Both explicitly and indirectly, Diana: Her Story shows the three ways Diana learned to control her public image. First, there was her canny decision to focus on her charity work. “I found myself being more and more involved with people who were rejected by society,” Diana says in a voice-over at one point. “I found an affinity there. I respected very much the honesty on that level of people I met.” True, this gave the princess a grounding distraction, but it also created a juicier motive for the media to criticize the palace: How dare those heartless people cast out the woman holding hands with AIDS patients, the woman who bravely charged across an active land-mine field in Angola to bring an end to the devices’ use?
Second, there was her staunch romanticism. As she tells Settelen, she and Charles met just 13 times before she put on the big Emanuel balloon that minted her a worldwide celebrity and agreed to spend the rest of her life with the prince. “I desperately loved my husband and I wanted to share everything together,” we hear her explain. (She insists on their love even as she recalls that he cavalierly replied “Whatever love means!” to a TV interviewer who asked the then-newly engaged couple whether the two were in love.) As the documentary reminds us, Charles went on England’s ITV in 1994 to come clean about the failure of his marriage. Perhaps he thought he was taking a page from his wife’s tell-all playbook, but instead, his cold, pragmatic language showed that she was doing something savvier than just spilling her guts. “It became irretrievably broken down,” he said (of his marriage, not a car). “I’d much rather it hadn’t happened, and I’m sure my wife would have felt the same. It wasn’t for lack of trying.” Although Diana would later admit her own infidelities, too, it was Charles’s obsession with Camilla that began to lead the popular understanding of why the marriage fell apart when they finally divorced in 1996.
And last, it was her wardrobe. Over a B-roll montage of Diana in her now-signature look — jewel-studded, in plunging necklines, showing off her newly muscular figure, with her hair and makeup groomed but relaxed — the Diana voice-over incants: “It’s the strength that causes the fear. Why is she strong? Where does she get it from? Where is she taking it? Where is she going to use it?” (Forget keeping calm and carrying on!) If the romantic lace and bows that made her an icon were also the costume of her fairy-tale marriage, the studded Versace dresses and the leggy Christina Stambolian dress she wore to the Serpentine shortly after Charles’s ITV confessional were like armor. “By 1997, she was arguably the most famous woman in the world,” the narrator says, as Diana swans out of a black car in a lilac shift and pearl choker for the opening of a new hospital wing. Her wardrobe became a way for her to project her new Amazonian strength, physically and emotionally.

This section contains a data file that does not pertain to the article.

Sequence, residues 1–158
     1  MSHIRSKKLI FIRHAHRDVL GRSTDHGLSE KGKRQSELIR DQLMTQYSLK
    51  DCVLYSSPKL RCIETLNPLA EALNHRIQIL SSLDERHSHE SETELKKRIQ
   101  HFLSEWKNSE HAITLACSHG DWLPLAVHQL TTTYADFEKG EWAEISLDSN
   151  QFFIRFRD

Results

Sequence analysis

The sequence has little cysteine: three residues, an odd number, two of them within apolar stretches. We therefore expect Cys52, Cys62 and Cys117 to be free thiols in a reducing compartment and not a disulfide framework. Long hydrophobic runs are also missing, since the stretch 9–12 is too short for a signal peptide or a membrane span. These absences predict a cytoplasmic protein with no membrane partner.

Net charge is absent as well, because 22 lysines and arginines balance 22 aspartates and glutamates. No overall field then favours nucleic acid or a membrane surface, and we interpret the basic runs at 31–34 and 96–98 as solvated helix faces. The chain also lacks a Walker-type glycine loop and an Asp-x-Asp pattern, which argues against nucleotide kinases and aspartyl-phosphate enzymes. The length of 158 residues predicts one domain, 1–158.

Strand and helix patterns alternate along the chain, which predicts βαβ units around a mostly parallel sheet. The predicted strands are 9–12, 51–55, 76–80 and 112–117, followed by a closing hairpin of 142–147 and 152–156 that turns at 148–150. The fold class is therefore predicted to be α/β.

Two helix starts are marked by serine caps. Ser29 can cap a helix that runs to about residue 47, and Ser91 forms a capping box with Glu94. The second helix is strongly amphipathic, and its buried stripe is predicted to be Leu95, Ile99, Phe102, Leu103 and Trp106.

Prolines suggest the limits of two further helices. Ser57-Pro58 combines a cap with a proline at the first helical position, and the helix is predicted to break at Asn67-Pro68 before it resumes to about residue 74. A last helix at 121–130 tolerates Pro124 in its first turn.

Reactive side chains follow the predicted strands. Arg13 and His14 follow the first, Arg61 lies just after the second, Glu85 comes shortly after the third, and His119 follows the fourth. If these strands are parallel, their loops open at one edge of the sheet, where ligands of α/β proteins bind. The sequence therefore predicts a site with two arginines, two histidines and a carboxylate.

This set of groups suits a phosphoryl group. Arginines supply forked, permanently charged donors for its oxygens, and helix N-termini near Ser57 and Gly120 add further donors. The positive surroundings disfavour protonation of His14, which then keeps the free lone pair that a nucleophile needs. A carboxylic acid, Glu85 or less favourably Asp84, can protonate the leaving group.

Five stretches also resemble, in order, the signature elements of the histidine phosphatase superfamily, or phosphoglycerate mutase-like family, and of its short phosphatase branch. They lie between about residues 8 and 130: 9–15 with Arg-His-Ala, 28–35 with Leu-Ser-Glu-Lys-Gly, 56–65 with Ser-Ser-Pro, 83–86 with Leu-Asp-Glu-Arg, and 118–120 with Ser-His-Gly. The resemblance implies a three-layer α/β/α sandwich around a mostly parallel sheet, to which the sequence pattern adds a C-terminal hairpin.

The tapes that form the basis for Her Story would serve, informally or otherwise, as preparation for her explosive 1995 Panorama interview with Martin Bashir (which the documentary also draws on), the event that became the consummation of her skill on the public stage. In conversation with Bashir, Diana confessed her private battles — her struggles with bulimia, with the public perception that she was stupid, with her husband’s infidelities, with the palace’s attempts to “isolate” her — and triumphantly cast herself as victim of the palace’s obsession with decorum and cold lack of empathy. She owes much of that triumph to her candor. And her interview with Bashir now looks like the polished, prime-time version of her conversations with Settelen, down to her keen awareness of her appearance. Though Settelen was speaking to her three years before her tête-à-tête with Bashir, you can already see her pulling her chin down so that she has to gaze up at the camera with saucer eyes — a doe in the queen’s Range Rover headlights.
Diana’s media savvy echoes today in the machinery of celebrity divulgence, whether it’s the weaponized Snapchats Kim Kardashian used to claim the moral high ground in her feud with Taylor Swift, or Swift’s own return to the spotlight embracing a cause greater than herself. Perhaps, 20 years out, these media-savvy tricks are what we might better call Diana’s “secrets.”